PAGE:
Use Azure AD access reviews to manage users excluded from Conditional Access policies

In an ideal world, all users would follow the access polices to secure access to your organization's resources. However, sometimes there are business cases that require you to make exceptions. This article describes some examples where exclusions might be required and how you, as the IT administrator, can manage this task, avoid oversight of policy exceptions, and provide auditors with proof that these exceptions are reviewed regularly using Azure Active Directory (Azure AD) access reviews.


A valid Azure AD Premium P2, Enterprise Mobility + Security E5 paid, or trial license is required to use Azure AD access reviews. For more information, see Azure Active Directory editions.

Why would you exclude users from policies?

As an IT administrator, you might use Azure AD Conditional Access to require users to authenticate using multi-factor authentication (MFA) or sign in from a trusted network or device. During the deployment planning, you find out that some of these requirements cannot be met by all users. For example, there are users who work from a remote office that is not part of your internal network or there is an executive who uses an old phone that is not supported. The business requires that these users be allowed to sign in and do their job, therefore, they are excluded from the Conditional Access policies.

As another example, you might use named locations in Conditional Access to configure a set of counties and regions from which you don't want to allow users to access their tenant.

Named locations in Conditional Access

However, in some cases, users might have a legitimate reason to sign in from these blocked countries/regions. For example, users might be traveling for work or personal reasons. In this example, the Conditional Access policy to block these countries/regions could have a dedicated cloud security group for the users who are excluded from the policy. Users who need access while traveling, can add themselves to the group using Azure AD self-service Group management.

Another example might be that you have a Conditional Access policy that blocks legacy authentication for the vast majority of your users. Microsoft strongly recommends that you block the use of legacy protocols in your tenant to improve your security posture. However, if you have some users that absolutely need to use legacy authentication methods to access your resources via Office 2010 or IMAP/SMTP/POP based clients, then you can exclude these users from the policy that block legacy authentication methods.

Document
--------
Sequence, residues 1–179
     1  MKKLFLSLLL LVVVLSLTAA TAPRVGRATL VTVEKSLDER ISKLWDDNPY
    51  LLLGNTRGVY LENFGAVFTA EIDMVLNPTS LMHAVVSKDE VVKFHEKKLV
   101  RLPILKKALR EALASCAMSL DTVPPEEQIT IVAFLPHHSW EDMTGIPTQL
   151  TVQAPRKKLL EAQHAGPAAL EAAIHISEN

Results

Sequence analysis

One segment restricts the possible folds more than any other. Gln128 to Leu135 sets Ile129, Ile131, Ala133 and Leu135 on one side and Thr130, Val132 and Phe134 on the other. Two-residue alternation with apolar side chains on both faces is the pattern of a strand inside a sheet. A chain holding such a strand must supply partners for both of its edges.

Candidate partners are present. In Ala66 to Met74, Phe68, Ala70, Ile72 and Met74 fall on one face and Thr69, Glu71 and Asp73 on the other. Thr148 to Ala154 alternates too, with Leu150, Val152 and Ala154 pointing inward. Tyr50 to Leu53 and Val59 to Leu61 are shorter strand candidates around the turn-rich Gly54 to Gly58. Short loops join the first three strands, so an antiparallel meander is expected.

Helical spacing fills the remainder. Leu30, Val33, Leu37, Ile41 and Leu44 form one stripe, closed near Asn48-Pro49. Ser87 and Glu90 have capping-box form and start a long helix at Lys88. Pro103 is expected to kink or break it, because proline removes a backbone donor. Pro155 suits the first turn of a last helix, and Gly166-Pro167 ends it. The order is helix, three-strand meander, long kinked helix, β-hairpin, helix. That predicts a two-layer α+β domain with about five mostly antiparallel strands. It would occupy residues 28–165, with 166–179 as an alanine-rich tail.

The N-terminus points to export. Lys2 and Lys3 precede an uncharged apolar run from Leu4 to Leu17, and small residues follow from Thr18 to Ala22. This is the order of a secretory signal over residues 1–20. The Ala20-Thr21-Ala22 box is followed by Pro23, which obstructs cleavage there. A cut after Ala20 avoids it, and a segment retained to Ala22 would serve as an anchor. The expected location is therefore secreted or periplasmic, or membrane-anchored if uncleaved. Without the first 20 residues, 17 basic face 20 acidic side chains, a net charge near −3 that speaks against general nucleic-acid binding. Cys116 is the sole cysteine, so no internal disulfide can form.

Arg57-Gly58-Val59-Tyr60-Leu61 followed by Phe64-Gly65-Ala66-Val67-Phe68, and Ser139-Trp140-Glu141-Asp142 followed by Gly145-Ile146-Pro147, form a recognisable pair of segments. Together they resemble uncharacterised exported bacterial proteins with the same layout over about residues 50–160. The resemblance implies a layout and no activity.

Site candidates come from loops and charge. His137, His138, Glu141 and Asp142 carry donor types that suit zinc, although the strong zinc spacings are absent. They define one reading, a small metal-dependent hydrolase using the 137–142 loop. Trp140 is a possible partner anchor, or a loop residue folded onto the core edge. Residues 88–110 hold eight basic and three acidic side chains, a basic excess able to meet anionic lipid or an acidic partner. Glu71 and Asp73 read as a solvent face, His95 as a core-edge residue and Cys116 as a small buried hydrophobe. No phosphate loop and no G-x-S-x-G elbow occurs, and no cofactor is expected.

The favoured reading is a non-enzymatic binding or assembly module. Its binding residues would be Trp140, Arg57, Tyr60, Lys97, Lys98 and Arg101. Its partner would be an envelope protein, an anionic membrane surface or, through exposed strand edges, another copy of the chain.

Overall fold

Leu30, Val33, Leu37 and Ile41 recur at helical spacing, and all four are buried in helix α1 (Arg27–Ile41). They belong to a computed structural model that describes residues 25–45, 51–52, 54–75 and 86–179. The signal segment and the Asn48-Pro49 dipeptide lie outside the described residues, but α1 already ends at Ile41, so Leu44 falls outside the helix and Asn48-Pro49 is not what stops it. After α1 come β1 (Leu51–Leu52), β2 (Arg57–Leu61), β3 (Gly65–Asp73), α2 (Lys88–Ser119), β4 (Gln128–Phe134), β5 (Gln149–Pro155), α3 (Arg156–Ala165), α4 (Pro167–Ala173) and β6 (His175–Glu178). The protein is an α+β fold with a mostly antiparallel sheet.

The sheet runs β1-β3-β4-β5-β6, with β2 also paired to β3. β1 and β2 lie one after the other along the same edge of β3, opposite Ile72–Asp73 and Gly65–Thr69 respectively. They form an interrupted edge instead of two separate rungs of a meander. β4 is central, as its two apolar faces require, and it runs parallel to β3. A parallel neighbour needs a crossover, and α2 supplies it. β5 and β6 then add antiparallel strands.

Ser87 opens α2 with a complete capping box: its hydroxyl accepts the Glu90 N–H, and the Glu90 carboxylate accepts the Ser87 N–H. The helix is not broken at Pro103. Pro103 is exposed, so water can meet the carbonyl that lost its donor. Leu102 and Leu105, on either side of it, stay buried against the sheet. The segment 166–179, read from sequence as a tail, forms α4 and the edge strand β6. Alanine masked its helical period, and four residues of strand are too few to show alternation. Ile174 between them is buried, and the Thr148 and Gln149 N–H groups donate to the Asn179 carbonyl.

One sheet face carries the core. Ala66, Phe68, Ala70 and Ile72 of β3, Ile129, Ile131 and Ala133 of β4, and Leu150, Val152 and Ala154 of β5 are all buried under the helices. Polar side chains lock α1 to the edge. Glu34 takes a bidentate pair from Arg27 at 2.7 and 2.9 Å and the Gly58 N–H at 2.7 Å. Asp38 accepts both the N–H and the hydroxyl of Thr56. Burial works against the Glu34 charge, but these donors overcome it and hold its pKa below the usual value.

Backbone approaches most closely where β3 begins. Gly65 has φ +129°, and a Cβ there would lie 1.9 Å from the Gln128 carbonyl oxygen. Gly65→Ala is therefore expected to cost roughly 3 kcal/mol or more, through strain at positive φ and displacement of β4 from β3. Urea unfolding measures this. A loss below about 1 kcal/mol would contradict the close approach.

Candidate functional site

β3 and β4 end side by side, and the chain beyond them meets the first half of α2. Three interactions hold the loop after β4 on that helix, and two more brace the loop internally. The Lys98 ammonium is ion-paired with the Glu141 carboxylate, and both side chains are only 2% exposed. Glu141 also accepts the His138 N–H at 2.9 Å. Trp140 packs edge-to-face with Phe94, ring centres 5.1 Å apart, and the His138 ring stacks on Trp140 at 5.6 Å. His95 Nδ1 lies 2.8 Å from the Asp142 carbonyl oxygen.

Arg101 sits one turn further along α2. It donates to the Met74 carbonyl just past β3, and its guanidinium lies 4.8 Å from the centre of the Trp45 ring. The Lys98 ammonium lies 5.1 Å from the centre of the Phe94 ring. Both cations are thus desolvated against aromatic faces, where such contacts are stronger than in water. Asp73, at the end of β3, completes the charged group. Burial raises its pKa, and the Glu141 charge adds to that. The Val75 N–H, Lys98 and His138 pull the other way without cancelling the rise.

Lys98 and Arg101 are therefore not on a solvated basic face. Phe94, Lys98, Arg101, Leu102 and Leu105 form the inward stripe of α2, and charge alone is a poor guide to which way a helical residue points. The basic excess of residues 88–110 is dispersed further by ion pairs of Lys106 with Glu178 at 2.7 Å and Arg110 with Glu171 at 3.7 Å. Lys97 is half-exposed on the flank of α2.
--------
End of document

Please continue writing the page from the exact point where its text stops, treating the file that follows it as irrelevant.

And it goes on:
Why are exclusions challenging?

In Azure AD, you can scope a Conditional Access policy to a set of users. You can also exclude some of these users by selecting Azure AD roles, individual users, or guests of users. It is important to remember that when these exclusions are configured, the policy intent can't be enforced for those users. If these exclusions were configured as either a list of individual users or via a legacy on-premises security group, then it limits the visibility of this exclusion list (users may not know of its existence) and the IT administrator's control over it (users can join the security group to by-pass the policy). Additionally, users that qualified for the exclusion at one time may no longer need it or be eligible for it.

At the beginning of an exclusion, there is a short list of users who bypass the policy. Over time, more and more users are excluded, and the list grows. At some point, there is a need to review the list and confirm that each of these users should still be excluded. Managing the list from a technical point of view, can be relatively easy, but who makes the business decisions and how do you make sure it is all auditable?

However, if you configure the exclusion to the Conditional Access policy using an Azure AD group, then you can use access reviews as a compensating control, to drive visibility, and reduce the number of users who have an exception.

How to create an exclusion group in a Conditional Access policy

Follow these steps to create a new Azure AD group and a Conditional Access policy that does not apply to that group.

Create an exclusion group

  1. Sign in to the Azure portal.

  2. In the left navigation, click Azure Active Directory and then click Groups.

  3. On the top menu, click New Group to open the group pane.

  4. In the Group type list, select Security. Specify a name and description.